Second Sunday of Lent, St. Gregory Palamas

Saint Gregory Palamas Saint Gregory Palamas
For modern western Christians (who typically have very little exposure to Orthodox Christianity), it’s often difficult to grasp the nature of the divide between east and west. In my experience, most reflexively tend to reduce the differences in their mind to being relatively superficial or inessential. But the divide runs much deeper than most tend to realize.

One way to help westerners glimpse the nature of the divide is by shedding light on the paradigmatic battle between the heretic Barlaam and St. Gregory Palamas in the fourteenth century. Because this event took place in the post-schism east, it is especially absent from western Christian consciousness, yet it highlights some of the most significant and fundamental issues that divide east from west and—I would say, along with the Orthodox Church—truth from error.

Metropolitan Hierotheos Vlachos succinctly lays out the issue at the heart of the controversy:

Barlaam maintained that one could reach God through philosophy and conjecture, while St. Gregory Palamas, having experienced the actual road that leads to the knowledge of God, upheld the Orthodox view that it is only through purity that one can see God. (St. Gregory Palamas as a Hagiorite, p. 46)

Those who live purified lives—through a life of asceticism and noetic prayer, sustained and sanctified by the sacraments, in obedience to Christ through his Church—and are thereby granted to see the Uncreated Light of God (Matt. 5:8), in turn nourish the Church with the truth that has been revealed to them, and this wisdom is transmitted within the living tradition of the Orthodox Church. Contrast this approach with the scholasticism that dominates Roman Catholic theology—especially since Aquinas—and which formed the very foundations of the Reformation (e.g. Sola Scriptura), and you begin to see how deep the divide is. This divergence is manifested in the west today in the supremacy of the historical-critical method in Biblical exegesis, along with the submitting of all theological validity to the realm of discursive reason and “scientific” or quasi-scientific methods of inquiry.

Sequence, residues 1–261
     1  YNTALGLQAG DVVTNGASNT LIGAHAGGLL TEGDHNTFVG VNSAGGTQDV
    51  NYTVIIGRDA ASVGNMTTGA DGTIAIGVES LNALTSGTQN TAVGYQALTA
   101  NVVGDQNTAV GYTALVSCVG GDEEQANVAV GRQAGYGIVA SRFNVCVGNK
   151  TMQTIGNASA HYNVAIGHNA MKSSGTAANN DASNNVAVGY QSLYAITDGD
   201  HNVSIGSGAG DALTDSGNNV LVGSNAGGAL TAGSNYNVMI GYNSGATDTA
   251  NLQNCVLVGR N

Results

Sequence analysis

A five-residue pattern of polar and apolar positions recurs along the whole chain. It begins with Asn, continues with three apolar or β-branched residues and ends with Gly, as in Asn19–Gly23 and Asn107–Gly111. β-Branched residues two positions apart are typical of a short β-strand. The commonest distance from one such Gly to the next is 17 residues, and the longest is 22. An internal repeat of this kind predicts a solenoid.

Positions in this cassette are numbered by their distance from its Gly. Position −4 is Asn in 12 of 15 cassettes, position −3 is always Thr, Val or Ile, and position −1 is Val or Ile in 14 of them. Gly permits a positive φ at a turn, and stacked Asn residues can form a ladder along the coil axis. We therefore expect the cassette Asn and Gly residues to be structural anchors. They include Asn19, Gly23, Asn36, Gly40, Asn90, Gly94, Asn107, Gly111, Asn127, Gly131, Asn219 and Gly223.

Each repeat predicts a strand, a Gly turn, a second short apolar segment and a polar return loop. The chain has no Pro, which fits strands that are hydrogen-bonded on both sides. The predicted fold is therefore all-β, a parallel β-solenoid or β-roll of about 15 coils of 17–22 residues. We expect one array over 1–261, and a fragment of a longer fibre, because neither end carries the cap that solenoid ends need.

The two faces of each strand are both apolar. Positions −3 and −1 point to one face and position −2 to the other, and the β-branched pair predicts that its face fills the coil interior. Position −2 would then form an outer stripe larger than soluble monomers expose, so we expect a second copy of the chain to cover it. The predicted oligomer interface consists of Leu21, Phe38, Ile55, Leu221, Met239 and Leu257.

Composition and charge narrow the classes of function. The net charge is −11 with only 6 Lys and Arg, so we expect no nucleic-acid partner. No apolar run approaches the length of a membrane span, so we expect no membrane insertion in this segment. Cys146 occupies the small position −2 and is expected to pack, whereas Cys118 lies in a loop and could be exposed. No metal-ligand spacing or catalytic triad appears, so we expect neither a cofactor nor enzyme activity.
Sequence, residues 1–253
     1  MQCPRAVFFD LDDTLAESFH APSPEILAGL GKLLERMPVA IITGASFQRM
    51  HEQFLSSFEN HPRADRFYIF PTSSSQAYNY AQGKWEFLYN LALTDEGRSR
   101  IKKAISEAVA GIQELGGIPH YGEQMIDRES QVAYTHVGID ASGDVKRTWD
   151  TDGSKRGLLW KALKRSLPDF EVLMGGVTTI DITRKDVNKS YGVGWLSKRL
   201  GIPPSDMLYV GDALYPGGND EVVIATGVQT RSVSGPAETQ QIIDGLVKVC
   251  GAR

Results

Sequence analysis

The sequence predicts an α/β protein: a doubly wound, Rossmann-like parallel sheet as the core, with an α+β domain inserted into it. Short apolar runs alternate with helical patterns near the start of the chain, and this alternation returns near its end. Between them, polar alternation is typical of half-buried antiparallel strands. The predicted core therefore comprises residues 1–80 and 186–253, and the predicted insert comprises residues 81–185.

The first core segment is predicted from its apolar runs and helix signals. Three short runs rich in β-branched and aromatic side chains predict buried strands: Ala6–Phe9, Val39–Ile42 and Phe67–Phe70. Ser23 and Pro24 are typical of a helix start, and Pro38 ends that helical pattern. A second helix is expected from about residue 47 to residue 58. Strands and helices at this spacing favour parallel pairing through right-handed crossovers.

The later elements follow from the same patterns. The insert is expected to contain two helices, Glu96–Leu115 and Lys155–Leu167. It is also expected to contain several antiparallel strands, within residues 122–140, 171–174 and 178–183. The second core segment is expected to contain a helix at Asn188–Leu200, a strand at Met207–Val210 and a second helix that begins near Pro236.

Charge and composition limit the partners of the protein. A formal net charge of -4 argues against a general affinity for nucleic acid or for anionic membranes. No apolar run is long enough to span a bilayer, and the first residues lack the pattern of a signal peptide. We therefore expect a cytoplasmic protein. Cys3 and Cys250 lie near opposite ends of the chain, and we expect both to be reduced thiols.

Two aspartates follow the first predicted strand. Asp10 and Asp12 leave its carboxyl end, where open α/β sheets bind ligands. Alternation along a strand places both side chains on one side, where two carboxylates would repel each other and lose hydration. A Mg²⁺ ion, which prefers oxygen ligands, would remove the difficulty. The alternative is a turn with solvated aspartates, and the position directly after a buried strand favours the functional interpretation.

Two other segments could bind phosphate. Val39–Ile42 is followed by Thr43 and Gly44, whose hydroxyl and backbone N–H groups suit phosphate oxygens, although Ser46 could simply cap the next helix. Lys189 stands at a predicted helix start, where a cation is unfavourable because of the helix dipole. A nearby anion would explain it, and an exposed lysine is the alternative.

Some might point to certain Roman Catholic saints, or holiness movements within Protestantism—spurred by the likes of John Wesley or Jonathan Edwards—which perhaps acknowledge the primacy of purifying the heart—of holiness—in knowing God. While I would applaud such insight from western theologians and western saints where it occurs, separated from the wellspring of the life of the Church, and with epistemological and doctrinal foundations that are still rooted in scholasticism, this truth has only ever been fleetingly and dimly glimpsed in the post-schism west. The precise method for success is handed down by those who have attained the light, and it can’t be stumbled upon in its fullness apart from that living tradition.

Met. Hierotheos also notes, writing about St. Gregory’s thought in distinction from Barlaam’s:

The witness of the saints is not intellectual and conjectural, but empirical… Because they have freed their nous from reasoning, passions and environmental conditions, the noushas been illuminated by divine Grace and guided to the vision of God. (St. Gregory Palamas as a Hagiorite, pg. 29)

With such being the conditions for seeing God—and therefore for true knowledge about God—these are the means by which all the great Orthodox Saints obtained deification.

Founded on principles foreign to the apostolic, patristic, living tradition of the Church, Barlaam’s approach to theology necessarily ends in agnosticism. Founded on Christ, the Apostles, and the undivided witness of the Orthodox Church, the teaching of St. Gregory Palamas provides the only way to come into direct, living contact with the “energies” of God—which are God himself.

Transfiguration of the Lord. Fresco. Serbia Transfiguration of the Lord. Fresco. Serbia


Nathan Duffy
Source: On Behalf of All


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